Published On: Wed, Oct 9th, 2019

Typhoon Hagibis landfall: What time will Super Typhoon Hagibis make landfall in Japan? | World | News

Typhoon Hagibis is expected to peak in intensity on Wednesday as it churns towards Japan’s main island of Honshu. The Japan Meteorological Agency (JMA) has categorised the monster storm as violent, the highest category there is. The US military’s Joint Typhoon Warning Center (JTWC) observed higher sustained winds of 160mph, making Hagibis a Category 5-equivalent super typhoon.

The storm was tracking near the Ogasawara islands on Wednesday afternoon.

Hagibis is now approaching Japan’s main island of Honshu after a rapid intensification in the Pacific.

Terrifying forecasts indicate the super typhoon could make a direct pass over the Kanto region.

Hagibis is forecast to continue moving toward Honshu, weakening only slightly before a possible landfall.

READ MORE: Typhoon Hagibis: Horror map sends super typhoon to Tokyo

Typhoon Hagibis has received attention from around the world for its rapid intensification.

On Monday, the horror storm developed from a tropical storm to a typhoon in just 18 hours.

Typhoon expert and meteorologist Robert Speta, who works for the US Navy in Florida, explained the storm went through “explosive intensification.”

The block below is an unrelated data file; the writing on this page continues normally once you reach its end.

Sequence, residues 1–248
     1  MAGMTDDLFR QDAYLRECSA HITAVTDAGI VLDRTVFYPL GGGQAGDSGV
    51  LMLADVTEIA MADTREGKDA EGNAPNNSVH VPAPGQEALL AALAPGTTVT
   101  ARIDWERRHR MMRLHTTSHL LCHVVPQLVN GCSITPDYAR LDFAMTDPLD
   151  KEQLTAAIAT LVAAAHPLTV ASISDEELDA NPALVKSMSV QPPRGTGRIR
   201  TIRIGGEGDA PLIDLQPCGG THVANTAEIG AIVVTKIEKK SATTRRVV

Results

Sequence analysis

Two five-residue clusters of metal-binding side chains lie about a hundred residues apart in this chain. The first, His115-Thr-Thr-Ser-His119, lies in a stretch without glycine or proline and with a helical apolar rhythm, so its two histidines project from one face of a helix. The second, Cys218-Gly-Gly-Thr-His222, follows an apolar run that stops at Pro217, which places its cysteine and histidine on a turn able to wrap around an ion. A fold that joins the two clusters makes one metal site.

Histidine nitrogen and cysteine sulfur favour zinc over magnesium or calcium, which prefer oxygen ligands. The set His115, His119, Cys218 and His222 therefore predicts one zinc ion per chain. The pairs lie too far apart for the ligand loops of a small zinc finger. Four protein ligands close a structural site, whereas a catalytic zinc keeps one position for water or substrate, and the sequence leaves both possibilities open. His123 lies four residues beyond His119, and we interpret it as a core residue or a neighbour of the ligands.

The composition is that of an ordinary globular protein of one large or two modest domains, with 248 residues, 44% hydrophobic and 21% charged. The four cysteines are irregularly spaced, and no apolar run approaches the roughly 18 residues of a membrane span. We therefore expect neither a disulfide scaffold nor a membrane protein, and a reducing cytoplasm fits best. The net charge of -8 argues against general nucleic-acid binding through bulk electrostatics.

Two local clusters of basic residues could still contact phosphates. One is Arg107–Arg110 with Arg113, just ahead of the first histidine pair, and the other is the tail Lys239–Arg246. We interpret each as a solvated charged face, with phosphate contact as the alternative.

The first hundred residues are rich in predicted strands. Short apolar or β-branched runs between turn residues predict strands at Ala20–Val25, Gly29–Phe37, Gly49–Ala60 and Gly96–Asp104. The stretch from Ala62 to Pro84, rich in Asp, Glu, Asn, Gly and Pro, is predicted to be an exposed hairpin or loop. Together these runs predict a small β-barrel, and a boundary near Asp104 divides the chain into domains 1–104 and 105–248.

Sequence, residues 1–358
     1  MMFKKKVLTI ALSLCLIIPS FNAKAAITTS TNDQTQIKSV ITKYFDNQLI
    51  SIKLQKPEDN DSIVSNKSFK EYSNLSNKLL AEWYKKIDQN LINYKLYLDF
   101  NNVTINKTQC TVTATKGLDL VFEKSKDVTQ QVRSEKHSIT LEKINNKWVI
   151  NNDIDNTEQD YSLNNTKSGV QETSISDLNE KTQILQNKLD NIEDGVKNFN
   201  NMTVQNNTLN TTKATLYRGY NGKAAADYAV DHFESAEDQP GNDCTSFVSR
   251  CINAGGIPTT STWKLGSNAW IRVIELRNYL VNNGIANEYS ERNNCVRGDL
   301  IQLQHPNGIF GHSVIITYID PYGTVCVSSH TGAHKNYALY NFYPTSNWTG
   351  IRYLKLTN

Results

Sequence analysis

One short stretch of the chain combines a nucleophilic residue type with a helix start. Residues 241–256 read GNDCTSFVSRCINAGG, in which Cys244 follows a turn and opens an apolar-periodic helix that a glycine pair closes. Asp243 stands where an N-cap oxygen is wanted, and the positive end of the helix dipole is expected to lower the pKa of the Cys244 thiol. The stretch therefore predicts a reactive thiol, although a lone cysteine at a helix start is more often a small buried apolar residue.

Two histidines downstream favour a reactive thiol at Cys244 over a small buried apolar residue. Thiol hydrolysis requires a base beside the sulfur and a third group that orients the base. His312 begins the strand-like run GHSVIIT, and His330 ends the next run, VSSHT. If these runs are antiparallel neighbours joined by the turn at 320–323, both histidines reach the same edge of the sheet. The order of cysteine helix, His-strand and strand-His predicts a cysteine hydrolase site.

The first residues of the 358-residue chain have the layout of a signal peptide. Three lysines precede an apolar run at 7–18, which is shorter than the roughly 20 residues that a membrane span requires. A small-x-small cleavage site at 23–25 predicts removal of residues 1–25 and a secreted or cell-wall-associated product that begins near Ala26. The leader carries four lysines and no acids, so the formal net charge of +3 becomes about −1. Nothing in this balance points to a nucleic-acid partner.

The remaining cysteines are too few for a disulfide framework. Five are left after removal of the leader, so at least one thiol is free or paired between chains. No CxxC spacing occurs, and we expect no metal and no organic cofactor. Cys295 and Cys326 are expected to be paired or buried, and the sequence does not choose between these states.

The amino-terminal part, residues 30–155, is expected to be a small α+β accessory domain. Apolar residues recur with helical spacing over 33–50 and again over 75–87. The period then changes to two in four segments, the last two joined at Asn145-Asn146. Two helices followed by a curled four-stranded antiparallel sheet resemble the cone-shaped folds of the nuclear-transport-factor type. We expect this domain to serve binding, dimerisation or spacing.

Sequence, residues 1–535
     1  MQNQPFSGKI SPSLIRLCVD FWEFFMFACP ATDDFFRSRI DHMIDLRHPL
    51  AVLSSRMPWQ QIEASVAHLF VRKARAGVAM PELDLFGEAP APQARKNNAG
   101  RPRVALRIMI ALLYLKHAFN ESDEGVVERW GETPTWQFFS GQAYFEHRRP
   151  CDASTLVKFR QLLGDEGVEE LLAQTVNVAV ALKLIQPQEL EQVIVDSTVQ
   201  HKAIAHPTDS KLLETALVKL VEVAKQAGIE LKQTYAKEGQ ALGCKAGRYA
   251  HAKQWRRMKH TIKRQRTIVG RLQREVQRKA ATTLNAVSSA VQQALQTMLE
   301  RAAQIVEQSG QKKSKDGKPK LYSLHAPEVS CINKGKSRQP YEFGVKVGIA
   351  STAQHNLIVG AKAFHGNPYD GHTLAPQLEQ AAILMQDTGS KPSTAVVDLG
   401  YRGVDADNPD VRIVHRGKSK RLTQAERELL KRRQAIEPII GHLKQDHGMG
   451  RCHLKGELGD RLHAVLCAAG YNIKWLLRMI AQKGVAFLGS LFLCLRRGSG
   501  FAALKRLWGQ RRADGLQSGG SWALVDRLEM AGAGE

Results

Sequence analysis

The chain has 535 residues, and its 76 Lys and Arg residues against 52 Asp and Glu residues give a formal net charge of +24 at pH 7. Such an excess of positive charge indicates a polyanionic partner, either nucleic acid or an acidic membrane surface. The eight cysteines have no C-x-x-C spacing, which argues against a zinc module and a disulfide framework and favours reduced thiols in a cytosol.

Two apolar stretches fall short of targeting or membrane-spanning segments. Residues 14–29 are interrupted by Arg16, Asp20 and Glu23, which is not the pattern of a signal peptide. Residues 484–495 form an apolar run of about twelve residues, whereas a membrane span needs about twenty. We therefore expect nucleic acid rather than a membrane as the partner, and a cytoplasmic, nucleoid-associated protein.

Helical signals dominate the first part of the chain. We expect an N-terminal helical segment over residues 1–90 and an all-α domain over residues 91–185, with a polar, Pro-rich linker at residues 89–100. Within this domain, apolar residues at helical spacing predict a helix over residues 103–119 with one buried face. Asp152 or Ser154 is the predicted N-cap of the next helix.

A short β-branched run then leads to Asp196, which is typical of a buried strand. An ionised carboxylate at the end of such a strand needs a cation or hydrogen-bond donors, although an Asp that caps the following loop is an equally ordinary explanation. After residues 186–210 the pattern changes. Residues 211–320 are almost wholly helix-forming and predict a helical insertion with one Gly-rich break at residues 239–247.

He said: “The storm went from a tropical storm to a violent typhoon in the matter of hours.

“In fact it was an historic amount of intensification in such a short time.

“This only happens when all the right ingredients are in place.

“Like if you had a fire and instead of throwing gasoline on it to make it bigger you also grabbed some lighter fluid, a bit of oil and a couple of aerosol cans for good measure.”

“This storm should be a classic recurve type storm with the worst of it being on the easterly side as it moves north.

“The big difference here is that some coastal areas are still recovering from Typhoon Faxai last month.

Those in the storm’s path should stay away from the coast and remain indoors, Mr Speta said, adding that keeping up with the latest forecast information is key.

The meteorologist added: “Looking at old information could be dangerous.”

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